One of the fundamental differences between liberals and conservatives, perhaps the most important one politically, is what they think (or how they feel) about the United States. Conservatives think the U.S. is a great country. Liberals think it is a deeply flawed, but redeemable, country. Radicals think it is hopelessly bad and should be destroyed or remade.
This difference is brought into sharp focus by the debate that has erupted in recent days over patriotism. Barack Obama gave a speech on the subject in which, as we noted here, he suggested that the height of patriotism lies in criticizing one’s country. This is a common liberal conceit. To Obama’s left lie his wife’s claim that America is “downright mean,” and, still farther to the left, Jeremiah Wright’s “God damn America” rants.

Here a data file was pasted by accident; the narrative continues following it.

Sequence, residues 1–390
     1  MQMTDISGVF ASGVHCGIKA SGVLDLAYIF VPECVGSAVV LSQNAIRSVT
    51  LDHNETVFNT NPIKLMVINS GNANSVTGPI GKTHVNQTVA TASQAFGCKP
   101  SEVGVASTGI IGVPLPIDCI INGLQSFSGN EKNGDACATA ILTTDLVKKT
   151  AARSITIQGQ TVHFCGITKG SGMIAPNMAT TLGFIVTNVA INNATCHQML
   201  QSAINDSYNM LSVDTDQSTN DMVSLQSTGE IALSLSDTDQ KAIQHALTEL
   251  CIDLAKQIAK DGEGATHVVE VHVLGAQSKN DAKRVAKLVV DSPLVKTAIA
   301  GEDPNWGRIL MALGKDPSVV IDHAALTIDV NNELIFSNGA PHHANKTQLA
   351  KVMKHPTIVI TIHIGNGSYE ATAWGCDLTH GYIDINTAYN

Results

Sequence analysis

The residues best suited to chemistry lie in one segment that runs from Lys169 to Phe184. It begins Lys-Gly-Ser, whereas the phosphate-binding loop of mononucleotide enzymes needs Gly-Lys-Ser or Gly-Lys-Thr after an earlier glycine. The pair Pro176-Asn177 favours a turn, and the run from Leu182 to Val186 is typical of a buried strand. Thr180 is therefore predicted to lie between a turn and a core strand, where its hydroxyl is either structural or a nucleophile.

One of the basic problems faced by liberals, and the reason why they tend to get sensitive whenever the subject of patriotism comes up, is that a large majority of Americans share the conservatives’ view of their country. Rasmussen Reports adds up the numbers: 75% of respondents are proud of America’s history, while 13% are ashamed of it. 64% say the U.S. is a positive role model for human rights.
As always, these numbers break down quite differently based on party affiliation. 91% of Republicans are proud of our country’s history, compared to 64% of Democrats. Not surprisingly, there is also a racial divide: 81% of white respondents, but only 44% of African-Americans, are proud of America’s history. (It would be interesting to see the breakdown for other races, but for some reason Rasmussen doesn’t provide it.)
These data highlight one of Obama’s problems as he moves toward the center for the election in November. His associations with anti-Americans like Wright, Ayers and Dohrn help him on the far left, the milieu from which he entered politics; don’t hurt him with liberals; but they are damaging, potentially severely so, to the extent that mainstream Americans learn of them. Watch for Obama to become more explicitly pro-American the closer we get to November.
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